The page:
• Leave for prenatal appointments

Qualified employees/covered employers:

  • “Qualified employee” – an employee or applicant of a covered employer who, with or without reasonable accommodation, can perform the essential functions of the position, with specified exceptions.
  • ”Covered employers” include private and public sector employers with at least 15 employees,* Congress, Federal agencies, employment agencies, and labor organizations.
  • The PWFA does not replace federal, state, or local laws that are more protective of workers affected by pregnancy, childbirth, or related medical conditions. With that being said, New Mexico employers with five or more employees will need to comply with the Pregnant Worker Fairness Act (PWFA).

*In New Mexico, employers with five or more employees will need to comply.

The Pregnant Worker Fairness Act and the NM Pregnant Worker Accommodation Act, which was passed in 2020, are very simple in design and are meant to help pregnant people stay employed and help employers understand how they can best accommodate the needs of their pregnant employees.

PWFA – What is undue hardship?

  • Undue hardships would cause significant difficulty or expense to the employer.
  • Would need to be proved in court
  • Determined on a case-by-case basis
  • “Undue hardship” cases are easier for smaller employers with fewer resources
  • If an accommodation poses an undue hardship, the employer must identify another accommodation that would pose less hardship
  • An individual with a needed accommodation may be given the option of paying a portion of the cost which would create an undue hardship

PWFA – Rules for employers

Covered employers cannot:

  • Require an employee to accept an accommodation without a discussion about the accommodation between the worker and the employer;
  • Deny a job or other employment opportunities to a qualified employee or applicant based on the person’s need for a reasonable accommodation;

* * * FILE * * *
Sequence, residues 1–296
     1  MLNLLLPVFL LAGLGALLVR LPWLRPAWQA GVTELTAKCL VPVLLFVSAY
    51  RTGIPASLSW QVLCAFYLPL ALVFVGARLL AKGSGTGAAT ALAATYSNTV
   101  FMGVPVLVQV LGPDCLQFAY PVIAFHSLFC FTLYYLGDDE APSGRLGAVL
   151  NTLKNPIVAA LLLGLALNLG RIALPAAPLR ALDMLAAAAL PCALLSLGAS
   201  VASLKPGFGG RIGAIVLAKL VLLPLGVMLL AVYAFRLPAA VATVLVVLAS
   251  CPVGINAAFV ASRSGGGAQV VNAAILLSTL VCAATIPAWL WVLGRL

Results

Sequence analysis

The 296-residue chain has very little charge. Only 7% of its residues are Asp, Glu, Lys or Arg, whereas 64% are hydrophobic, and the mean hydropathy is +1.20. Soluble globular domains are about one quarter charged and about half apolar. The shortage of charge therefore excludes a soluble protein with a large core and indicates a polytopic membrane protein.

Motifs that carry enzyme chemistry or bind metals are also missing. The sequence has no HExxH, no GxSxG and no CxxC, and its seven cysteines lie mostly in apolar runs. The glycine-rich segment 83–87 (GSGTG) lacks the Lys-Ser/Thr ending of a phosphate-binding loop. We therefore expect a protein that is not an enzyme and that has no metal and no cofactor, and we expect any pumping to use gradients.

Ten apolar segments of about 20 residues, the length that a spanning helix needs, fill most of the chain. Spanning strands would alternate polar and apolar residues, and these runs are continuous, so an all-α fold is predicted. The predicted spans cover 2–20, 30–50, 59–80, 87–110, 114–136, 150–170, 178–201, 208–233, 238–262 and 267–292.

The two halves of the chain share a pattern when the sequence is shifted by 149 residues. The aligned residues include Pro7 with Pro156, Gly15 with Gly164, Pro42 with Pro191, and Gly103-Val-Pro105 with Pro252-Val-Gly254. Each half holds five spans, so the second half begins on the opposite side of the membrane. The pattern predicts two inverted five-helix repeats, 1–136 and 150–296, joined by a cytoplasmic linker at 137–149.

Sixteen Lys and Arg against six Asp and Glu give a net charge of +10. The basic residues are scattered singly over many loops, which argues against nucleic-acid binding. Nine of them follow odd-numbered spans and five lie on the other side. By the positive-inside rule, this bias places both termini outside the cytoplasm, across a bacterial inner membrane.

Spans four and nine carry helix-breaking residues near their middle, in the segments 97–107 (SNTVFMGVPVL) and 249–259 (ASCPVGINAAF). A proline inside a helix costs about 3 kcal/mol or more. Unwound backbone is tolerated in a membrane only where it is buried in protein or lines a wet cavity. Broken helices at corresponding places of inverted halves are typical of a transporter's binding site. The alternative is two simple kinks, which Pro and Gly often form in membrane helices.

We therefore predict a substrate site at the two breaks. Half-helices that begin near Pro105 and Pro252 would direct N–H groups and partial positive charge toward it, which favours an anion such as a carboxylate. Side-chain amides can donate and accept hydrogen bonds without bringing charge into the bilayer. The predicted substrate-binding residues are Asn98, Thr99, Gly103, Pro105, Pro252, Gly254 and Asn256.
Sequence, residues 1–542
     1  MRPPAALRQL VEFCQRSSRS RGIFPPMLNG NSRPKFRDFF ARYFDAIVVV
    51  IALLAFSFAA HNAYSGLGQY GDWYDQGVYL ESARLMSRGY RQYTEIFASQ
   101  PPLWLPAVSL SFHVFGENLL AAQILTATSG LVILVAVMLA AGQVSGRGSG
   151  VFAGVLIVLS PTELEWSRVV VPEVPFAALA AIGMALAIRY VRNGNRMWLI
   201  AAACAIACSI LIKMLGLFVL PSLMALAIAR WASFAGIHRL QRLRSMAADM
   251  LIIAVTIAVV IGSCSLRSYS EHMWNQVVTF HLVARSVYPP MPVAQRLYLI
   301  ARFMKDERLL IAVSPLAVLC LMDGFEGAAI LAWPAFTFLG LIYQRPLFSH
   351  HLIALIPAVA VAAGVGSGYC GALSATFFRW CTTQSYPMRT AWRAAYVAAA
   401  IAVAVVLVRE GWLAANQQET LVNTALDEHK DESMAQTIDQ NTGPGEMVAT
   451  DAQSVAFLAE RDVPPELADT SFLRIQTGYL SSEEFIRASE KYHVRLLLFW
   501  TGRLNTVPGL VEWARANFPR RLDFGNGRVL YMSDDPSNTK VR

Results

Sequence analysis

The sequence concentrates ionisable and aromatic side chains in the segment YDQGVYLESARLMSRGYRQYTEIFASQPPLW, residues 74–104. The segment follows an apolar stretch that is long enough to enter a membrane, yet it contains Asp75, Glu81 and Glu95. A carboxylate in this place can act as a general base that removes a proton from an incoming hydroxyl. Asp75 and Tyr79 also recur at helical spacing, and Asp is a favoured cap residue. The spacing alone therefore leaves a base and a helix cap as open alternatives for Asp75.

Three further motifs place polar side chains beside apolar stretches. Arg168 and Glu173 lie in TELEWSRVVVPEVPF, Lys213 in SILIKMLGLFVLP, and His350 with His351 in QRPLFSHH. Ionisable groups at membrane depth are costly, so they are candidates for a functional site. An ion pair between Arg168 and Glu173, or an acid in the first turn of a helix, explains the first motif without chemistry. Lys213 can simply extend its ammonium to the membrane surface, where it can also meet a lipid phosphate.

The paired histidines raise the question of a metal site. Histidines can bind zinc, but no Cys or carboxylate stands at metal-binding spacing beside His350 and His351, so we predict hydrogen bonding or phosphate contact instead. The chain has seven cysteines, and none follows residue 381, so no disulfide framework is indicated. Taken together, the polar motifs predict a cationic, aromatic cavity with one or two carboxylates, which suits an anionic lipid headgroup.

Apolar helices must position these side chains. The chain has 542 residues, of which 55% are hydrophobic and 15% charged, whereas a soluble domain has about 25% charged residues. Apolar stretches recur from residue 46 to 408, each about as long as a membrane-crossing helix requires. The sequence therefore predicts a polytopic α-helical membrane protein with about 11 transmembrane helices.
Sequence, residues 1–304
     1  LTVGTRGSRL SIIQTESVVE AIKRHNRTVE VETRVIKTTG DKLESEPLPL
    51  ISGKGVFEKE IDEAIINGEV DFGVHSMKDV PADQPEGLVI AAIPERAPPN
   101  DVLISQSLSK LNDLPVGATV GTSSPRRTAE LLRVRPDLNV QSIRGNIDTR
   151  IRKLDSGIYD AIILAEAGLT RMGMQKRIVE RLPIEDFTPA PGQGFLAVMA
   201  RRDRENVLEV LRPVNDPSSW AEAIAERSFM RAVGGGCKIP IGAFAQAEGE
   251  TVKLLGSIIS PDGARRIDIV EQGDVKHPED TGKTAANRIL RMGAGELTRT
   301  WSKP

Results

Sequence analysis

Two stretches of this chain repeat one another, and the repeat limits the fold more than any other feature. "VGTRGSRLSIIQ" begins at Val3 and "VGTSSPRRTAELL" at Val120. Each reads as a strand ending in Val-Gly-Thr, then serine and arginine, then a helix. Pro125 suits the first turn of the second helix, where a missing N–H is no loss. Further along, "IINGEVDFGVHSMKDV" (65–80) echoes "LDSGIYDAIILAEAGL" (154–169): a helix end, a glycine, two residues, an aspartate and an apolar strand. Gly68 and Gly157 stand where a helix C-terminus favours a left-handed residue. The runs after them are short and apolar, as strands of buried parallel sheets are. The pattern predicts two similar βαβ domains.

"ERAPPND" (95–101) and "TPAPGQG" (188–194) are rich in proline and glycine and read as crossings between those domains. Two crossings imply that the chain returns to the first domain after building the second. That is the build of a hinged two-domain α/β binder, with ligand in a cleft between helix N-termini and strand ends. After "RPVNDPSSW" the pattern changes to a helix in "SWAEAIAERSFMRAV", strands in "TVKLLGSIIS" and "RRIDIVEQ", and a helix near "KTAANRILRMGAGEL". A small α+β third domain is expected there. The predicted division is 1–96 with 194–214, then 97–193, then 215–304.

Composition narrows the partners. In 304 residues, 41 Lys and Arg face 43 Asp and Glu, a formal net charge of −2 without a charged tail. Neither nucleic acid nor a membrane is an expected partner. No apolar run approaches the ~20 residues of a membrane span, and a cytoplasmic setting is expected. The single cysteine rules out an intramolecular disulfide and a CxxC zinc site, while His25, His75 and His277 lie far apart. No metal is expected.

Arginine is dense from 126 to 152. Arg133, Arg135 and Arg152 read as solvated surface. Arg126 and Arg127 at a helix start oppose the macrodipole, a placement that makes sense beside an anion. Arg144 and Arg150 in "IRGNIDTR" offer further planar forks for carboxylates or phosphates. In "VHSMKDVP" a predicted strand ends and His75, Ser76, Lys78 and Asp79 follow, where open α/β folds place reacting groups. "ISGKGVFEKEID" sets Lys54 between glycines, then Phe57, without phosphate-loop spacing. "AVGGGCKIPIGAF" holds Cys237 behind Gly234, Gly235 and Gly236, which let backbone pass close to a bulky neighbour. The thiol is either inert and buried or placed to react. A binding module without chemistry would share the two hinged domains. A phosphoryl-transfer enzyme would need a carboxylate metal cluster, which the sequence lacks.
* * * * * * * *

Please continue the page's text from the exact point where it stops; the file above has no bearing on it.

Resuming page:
• Require an employee to take leave if another reasonable accommodation can be provided that would let the employee keep working;
  • Retaliate against an individual for reporting discrimination or exercising rights set forth by PWFA; or
  • Interfere with any individual’s rights under the PWFA.

In NM, complaints can be filed with the NM Department of Workforce Solutions Human Rights Bureau

What should I do?

  • Ensure that supervisors receive training about PWFA and reasonable accommodations
  • Ensure that all employees have access to information about their rights (including posting NMDWS posters in breakroom)
  • Encourage open communications with your employees and be open to working together on mutually-beneficial solutions
  • Have questions? Southwest Women’s Law Center staff attorney can answer questions related to PWA/PWFA and reasonable accommodations.

Additional Workshop Resources

Tracy McDaniel, MPH, serves as Policy Advocate at Southwest Women’s Law Center, where she focuses on policies that ensure economic stability for NM women and families, including work on the passage of the Pregnant Worker Accommodation Act in New Mexico in 2020. Current policy initiatives include advocacy on the Paid Family & Medical Leave Act and child care reform. Her past professional experience has focused on early childhood development, health promotion, birth work, lactation support, and working with survivors of sexual and intimate partner violence. She holds a BA in Psychology and Women’s Studies from Miami University, a graduate certificate in Maternal Child Health Epidemiology from University of Arizona, and a Master of Public Health degree from University of New Mexico.